This story is just amazing:

A USA TODAY reporter and editor investigating Pentagon propaganda contractors have themselves been subjected to a propaganda campaign of sorts, waged on the Internet through a series of bogus websites.

Fake Twitter and Facebook accounts have been created in their names, along with a Wikipedia entry and dozens of message board postings and blog comments. Websites were registered in their names.

The timeline of the activity tracks USA TODAY’s reporting on the military’s “information operations” program, which spent hundreds of millions of dollars on marketing campaigns in Iraq and Afghanistan — campaigns that have been criticized even within the Pentagon as ineffective and poorly monitored.

USA Today didn’t nail down who the contractor was, but Gawker’s John Cook reports that it’s a sketchy-sounding outfit called Leonie Industries that does psychological warfare for the Pentagon in Afghanistan:

Leonie Industries, which the Vanden Brook and Locker investigation called the U.S.’s top contractor in Afghanistan, is an interesting company. It was founded in 2004 by a Lebanese-American brother and sister, Camille Chidiac and Rema Dupont, and has cobbled together $130 million in Pentagon contracts for, as Vanden Brook and Locker put it, “plant[ing] unattributed broadcasts, plaster[ing] the countryside in war zones with billboards, stag[ing] concerts and drop[ping] leaflets” in Afghanistan.

USA Today had reported on Leonie in its investigation into the Pentagon’s privatized propaganda mills.

Forbes’s Christopher Helman writes a very good post on what the revelations from Reuters’s big Cheseapeake Energy/Aubrey McClendon investigation mean:

Here is the core of what is wrong with McClendon’s massive borrowing: Chesapeake is severely capital constrained (a result of high debt loads, reckless spending on ever more shale gas acreage and rock bottom natural gas prices) to the point that the company is trying to sell billions of dollars in assets this year to make ends meet. At the same time this is going on, McClendon has been competing directly against his own company for access to the capital markets in order to shore up his own finances — without telling shareholders the extent of his financings..

And:

The simple truth is that McClendon’s well participation perk does not align his interests with those of shareholders. As I detailed in my cover story on McClendon last fall, at the heart of Chesapeake’s operation is the land machine, which scoops up promising acreage across America, paying billions to secure the rights to drill. Much of that land turns out to have oil and gas; some doesn’t. When land turns out not to be worth drilling, the millions sunk into accumulating it is lost.

Chesapeake only drills wells on land where it has a good belief that there’s oil and gas to be had. It drills more wells in the choicest parts of a field. McClendon only participates in the good acreage; he doesn’t get docked for the bad acreage Chesapeake has no use for. Thus he is absolutely guaranteed to get better opportunities and better returns than Chesapeake’s shareholders. He shares in the boons and avoids the banes.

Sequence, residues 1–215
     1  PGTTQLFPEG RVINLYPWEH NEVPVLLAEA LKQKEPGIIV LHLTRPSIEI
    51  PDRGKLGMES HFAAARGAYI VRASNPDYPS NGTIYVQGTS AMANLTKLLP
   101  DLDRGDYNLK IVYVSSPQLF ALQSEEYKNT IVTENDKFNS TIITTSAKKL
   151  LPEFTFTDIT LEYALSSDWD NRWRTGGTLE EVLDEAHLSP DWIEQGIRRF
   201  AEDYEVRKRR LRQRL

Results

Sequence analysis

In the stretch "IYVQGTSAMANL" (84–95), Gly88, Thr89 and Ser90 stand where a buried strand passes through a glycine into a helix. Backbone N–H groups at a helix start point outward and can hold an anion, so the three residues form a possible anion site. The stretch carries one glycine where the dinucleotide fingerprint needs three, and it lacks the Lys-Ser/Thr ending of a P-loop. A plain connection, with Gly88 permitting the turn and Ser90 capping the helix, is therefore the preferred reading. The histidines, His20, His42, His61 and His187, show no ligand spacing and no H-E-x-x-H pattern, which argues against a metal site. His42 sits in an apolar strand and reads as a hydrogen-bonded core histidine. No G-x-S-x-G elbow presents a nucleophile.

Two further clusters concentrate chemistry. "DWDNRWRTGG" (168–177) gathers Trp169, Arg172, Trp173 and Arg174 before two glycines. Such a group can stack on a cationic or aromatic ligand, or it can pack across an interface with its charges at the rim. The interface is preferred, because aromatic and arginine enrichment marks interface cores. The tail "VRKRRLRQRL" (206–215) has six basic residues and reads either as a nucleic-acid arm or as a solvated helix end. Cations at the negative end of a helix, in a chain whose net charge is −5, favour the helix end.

— Read Columbia J-School Dean Nicholas Lemann New Yorker piece on the politics, and lack thereof, of inequality:

Occupy Wall Street and its companion movements briefly spurred President Obama to become more populist in his rhetoric, but there’s no sign that Occupy is going to turn into the kind of political force that the Tea Party movement has been. There was a period during the Republican primary campaign when Romney rivals like Newt Gingrich tried to take votes from the front-runner by bashing Wall Street and private equity, but that didn’t last long, either. Politics does feel sour and contentious in ways that seem to flow from the country’s economic distress. Yet much of the ambient discontent is directed toward government—the government that kept the recession from turning into a depression. Why isn’t politics about what you’d expect it to be about?

Traditionally, class figured less in politics in America than in most other Western countries, supposedly because the United States, though more economically unequal, and rougher in tone, was more socially equal, more diverse, more democratic, and better at giving ordinary people the opportunity to rise. That’s what Alexis de Tocqueville found in the eighteen-thirties, and the argument has had staying power. It has also been wearing thin. During the five decades from 1930 to 1980, economic inequality decreased significantly, without imperilling “American exceptionalism.” So it’s especially hard to put a good face on the way inequality has soared in the decades since. Even if you think that all a good society requires is—according to the debatable conservative mantra—equal opportunity for every citizen, you ought to be a little shaken right now. Opportunity is increasingly tied to education, and educational performance is tied to income and wealth. When it comes to social mobility between generations, the United States ranks near the bottom of developed nations.

Ryan Chittum is a former Wall Street Journal reporter, and deputy editor of The Audit, CJR's business section. If you see notable business journalism, give him a heads-up at rc2538@columbia.edu.